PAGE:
An appeal may be taken from a district court order denying a motion to dismiss based on subject matter jurisdiction. McGowan v. Our Savior's Lutheran Church, 527 N.W.2d 830, 832-33 (Minn. 1995). A district court's decision as to subject matter jurisdiction is a question of law subject to de novo review. Naegele Outdoor Adver., Inc. v. Minneapolis Community Dev. Agency, 551 N.W.2d 235, 236 (Minn. App. 1996).

The combined district moved to dismiss respondents' claims for lack of subject matter jurisdiction, contending that respondents must obtain review of a political subdivision's quasi-judicial decision by obtaining a writ of certiorari from this court. The district court determined that the challenged decision was not a quasi-judicial decision and denied the motion.

School board decisions must be quasi-judicial in nature to be reviewable by certiorari. Minnesota Chapter of Associated Builders & Contractors, Inc. v. Board of Educ., 567 N.W.2d 761, 763 (Minn. App. 1997), review denied (Minn. Aug. 26, 1997).

[T]he scope of the writ of certiorari is confined to review of proceedings that are judicial or quasi-judicial in character and is not available to review legislative or purely ministerial acts of administrative agencies or officers. To render the proceedings of an administrative agency judicial in their nature, they must affect the legal or property rights of the citizen in a manner analogous to the courts acting judicially.

Mahnerd v. Canfield, 297 Minn. 148, 152, 211 N.W.2d 177, 179-80 (1973) (citation omitted).

It may be said generally that the exercise of judicial functions is to determine what the law is, and what the legal rights of parties are, with respect to a matter in controversy; and whenever an officer is clothed with that authority, and undertakes to determine those questions, he acts judicially.

State ex rel. Board of County Comm'rs. v. Dunn, 86 Minn. 301, 304, 90 N.W. 772, 773 (1902).

The supreme court has recently explained that quasi-judicial conduct is marked by an investigation into a disputed claim and a decision binding on the parties. Even though the phrase "quasi-judicial act" has sometimes been so broadly defined that it can be said to include almost any administrative decision based on evidentiary facts, it seems to us that we would be well-advised today to apply the term only to those administrative decisions which are based on evidentiary facts and which resolve disputed claims of rights.

Meath v. Harmful Substance Compensation Bd., 550 N.W.2d 275, 279 (Minn. 1996). Implicit in a quasi-judicial decision is the application of a prescribed standard. See id. at 280 (Anderson, J., concurring specially) (distinguishing between quasi-judicial and legislative functions).

We conclude that the school board decision not to be bound by and not to honor the past practices of the Eveleth and Gilbert school districts was not a quasi-judicial decision. In adopting the April 12, 1994, resolution, the school board did not investigate a disputed claim and render a decision binding on the parties to the dispute. The board did not determine what the law is and what the rights of parties are with respect to a matter in controversy.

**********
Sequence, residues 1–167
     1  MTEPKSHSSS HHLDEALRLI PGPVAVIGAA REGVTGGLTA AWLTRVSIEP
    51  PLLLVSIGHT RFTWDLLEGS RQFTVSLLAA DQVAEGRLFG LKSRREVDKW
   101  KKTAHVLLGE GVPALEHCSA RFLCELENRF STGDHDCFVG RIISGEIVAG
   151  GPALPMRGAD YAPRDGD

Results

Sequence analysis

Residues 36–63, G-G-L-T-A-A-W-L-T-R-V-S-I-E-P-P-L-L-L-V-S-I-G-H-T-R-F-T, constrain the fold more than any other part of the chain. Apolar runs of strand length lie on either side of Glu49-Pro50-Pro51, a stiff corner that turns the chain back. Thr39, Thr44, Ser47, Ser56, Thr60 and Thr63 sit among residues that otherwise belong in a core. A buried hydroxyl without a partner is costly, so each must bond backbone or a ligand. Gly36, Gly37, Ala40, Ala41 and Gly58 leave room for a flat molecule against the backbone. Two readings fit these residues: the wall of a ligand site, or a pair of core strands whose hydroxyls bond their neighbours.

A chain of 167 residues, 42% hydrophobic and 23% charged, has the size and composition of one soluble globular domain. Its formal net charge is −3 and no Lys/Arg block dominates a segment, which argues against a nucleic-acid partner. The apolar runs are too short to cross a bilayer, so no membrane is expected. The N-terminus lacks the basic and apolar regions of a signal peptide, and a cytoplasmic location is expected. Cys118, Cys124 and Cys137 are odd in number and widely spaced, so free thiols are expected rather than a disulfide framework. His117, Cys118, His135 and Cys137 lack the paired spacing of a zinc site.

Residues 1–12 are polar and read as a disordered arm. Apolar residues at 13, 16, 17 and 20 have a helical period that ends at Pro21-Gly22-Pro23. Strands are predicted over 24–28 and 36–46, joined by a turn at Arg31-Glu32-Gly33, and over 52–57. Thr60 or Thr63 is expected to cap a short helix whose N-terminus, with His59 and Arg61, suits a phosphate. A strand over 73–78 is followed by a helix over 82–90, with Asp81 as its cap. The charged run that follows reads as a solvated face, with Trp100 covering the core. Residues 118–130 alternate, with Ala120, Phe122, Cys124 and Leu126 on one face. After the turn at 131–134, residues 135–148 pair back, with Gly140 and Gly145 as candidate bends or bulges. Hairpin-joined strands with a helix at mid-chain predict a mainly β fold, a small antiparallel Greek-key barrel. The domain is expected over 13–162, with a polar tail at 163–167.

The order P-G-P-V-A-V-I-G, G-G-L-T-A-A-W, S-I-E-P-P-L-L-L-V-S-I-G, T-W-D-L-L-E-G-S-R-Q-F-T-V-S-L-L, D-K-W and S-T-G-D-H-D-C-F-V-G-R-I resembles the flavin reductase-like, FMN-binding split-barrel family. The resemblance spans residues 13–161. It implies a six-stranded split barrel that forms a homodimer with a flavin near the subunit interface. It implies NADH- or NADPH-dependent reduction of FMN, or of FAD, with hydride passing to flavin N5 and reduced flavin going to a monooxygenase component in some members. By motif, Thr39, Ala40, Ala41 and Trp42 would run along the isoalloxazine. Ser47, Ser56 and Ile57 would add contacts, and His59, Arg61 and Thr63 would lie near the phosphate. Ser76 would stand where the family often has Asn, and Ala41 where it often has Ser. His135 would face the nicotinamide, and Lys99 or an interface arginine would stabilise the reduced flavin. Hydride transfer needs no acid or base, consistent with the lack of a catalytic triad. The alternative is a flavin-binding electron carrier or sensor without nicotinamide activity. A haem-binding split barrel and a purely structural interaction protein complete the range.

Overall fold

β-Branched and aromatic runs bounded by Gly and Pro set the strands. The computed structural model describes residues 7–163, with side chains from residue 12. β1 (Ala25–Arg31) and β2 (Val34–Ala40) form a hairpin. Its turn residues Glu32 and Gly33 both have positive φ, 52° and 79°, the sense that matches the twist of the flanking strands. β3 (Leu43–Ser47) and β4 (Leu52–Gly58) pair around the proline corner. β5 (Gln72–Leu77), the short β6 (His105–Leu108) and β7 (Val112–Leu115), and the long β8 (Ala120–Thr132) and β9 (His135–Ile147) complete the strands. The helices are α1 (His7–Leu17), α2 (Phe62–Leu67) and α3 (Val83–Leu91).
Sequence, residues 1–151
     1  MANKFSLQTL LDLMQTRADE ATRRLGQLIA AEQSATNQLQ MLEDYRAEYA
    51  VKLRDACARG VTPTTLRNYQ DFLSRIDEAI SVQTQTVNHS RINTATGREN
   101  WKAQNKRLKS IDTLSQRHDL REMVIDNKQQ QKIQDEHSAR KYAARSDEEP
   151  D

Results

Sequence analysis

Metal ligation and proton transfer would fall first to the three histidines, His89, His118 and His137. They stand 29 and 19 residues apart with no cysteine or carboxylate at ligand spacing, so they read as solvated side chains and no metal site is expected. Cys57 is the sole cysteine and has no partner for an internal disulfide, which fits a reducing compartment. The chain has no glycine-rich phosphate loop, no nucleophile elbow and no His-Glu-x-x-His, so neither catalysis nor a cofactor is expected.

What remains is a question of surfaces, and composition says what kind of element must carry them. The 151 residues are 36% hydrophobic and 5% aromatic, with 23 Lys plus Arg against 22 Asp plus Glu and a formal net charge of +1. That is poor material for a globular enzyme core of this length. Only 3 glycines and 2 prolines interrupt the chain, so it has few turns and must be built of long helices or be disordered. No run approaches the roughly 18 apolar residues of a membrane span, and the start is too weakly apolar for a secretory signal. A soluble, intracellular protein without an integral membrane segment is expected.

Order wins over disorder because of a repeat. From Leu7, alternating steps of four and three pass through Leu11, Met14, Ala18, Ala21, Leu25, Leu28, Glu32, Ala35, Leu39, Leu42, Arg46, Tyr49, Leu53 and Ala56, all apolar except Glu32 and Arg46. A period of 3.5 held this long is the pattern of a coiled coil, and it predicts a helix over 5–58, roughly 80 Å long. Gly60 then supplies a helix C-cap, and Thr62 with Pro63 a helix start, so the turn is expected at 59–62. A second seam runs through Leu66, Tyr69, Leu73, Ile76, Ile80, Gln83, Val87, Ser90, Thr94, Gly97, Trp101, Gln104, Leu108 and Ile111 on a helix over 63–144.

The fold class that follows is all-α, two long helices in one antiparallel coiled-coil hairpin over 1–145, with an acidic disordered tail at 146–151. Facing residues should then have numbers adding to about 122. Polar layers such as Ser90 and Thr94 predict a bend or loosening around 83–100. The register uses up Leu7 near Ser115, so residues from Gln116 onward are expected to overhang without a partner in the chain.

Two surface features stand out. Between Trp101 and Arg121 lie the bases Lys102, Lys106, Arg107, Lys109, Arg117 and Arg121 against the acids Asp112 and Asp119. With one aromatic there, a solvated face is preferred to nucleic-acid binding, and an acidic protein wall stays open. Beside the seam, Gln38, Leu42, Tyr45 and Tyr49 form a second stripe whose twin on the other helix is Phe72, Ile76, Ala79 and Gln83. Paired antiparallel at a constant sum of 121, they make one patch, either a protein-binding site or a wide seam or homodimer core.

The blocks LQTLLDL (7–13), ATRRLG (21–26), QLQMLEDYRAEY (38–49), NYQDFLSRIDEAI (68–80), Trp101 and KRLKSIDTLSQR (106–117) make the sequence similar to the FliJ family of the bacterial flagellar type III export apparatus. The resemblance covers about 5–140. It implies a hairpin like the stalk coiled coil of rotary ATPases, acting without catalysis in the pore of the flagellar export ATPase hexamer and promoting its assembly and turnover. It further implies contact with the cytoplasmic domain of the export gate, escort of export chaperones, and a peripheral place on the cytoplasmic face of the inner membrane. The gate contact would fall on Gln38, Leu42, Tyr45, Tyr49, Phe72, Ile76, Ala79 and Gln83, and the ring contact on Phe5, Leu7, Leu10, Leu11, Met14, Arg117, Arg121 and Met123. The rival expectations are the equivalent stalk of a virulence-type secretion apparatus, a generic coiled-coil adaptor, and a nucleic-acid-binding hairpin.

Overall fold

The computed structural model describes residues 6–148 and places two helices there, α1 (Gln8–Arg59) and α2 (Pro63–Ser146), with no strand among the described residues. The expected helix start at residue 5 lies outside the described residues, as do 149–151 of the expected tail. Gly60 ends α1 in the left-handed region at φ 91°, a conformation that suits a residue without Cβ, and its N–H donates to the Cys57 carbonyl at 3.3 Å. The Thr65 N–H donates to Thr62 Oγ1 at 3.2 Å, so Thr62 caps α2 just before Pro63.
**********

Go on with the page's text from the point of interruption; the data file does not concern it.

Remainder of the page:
The resolution itself does not identify any party who asserted a claim to have the past practices of the Eveleth or Gilbert school districts continued. Nor does it specify any past practice that will no longer be honored. There is no evidence that the school board acted as a factfinding body to determine the legal rights of an identified party with respect to the past practices of the individual school districts.

Rather than investigating a disputed claim and rendering a decision binding on the parties, the school board adopted a resolution that states its position with regard to the general issue of past practices. The decision to adopt the resolution was not a quasi-judicial decision subject to review by writ of certiorari.

Appellant claims that because this is a "teacher-related" matter, requiring resolution of conflicts between the rights of the retired Gilbert teachers to reimbursement for part B premiums and the needs of the school district to conserve funds and treat Gilbert and Eveleth retirees consistently, it is quasi-judicial. Whether this is a teacher-related matter, however, is not determinative; the fundamental requirement remains that the decision of the executive body be quasi-judicial in nature. Associated Builders & Contractors, 567 N.W.2d at 763.


Appellant also seeks review of the district court order denying summary judgment and denying their motion to dismiss based on failure to exhaust administrative remedies. Generally, an order denying a motion for summary judgment and other interlocutory orders are not appealable. McGowan, 527 N.W.2d at 832 (denial of summary judgment); Boughton v. Boughton, 385 N.W.2d 384, 386 (Minn. App. 1986) (interlocutory orders). We decline to consider these issues because our review would be interlocutory, and therefore, inappropriate. See Boop v. City of Lino Lakes, 502 N.W.2d 409, 411 (Minn. App. 1993) (in appeal raising issue of statutory immunity, court declined to review district court's denial of summary judgment as to issue of special duty), review denied (Minn. Sept. 10, 1993) .